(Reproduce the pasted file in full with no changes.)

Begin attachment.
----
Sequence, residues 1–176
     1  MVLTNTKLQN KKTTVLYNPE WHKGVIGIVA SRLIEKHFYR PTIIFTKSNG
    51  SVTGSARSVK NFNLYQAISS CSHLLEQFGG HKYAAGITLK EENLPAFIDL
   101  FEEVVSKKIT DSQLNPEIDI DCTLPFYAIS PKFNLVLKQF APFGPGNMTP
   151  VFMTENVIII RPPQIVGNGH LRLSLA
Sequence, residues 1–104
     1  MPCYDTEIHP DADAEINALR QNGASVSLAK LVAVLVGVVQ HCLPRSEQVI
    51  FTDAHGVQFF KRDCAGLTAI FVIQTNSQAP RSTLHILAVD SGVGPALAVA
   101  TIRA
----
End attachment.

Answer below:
Sequence, residues 1–176
     1  MVLTNTKLQN KKTTVLYNPE WHKGVIGIVA SRLIEKHFYR PTIIFTKSNG
    51  SVTGSARSVK NFNLYQAISS CSHLLEQFGG HKYAAGITLK EENLPAFIDL
   101  FEEVVSKKIT DSQLNPEIDI DCTLPFYAIS PKFNLVLKQF APFGPGNMTP
   151  VFMTENVIII RPPQIVGNGH LRLSLA
Sequence, residues 1–104
     1  MPCYDTEIHP DADAEINALR QNGASVSLAK LVAVLVGVVQ HCLPRSEQVI
    51  FTDAHGVQFF KRDCAGLTAI FVIQTNSQAP RSTLHILAVD SGVGPALAVA
   101  TIRA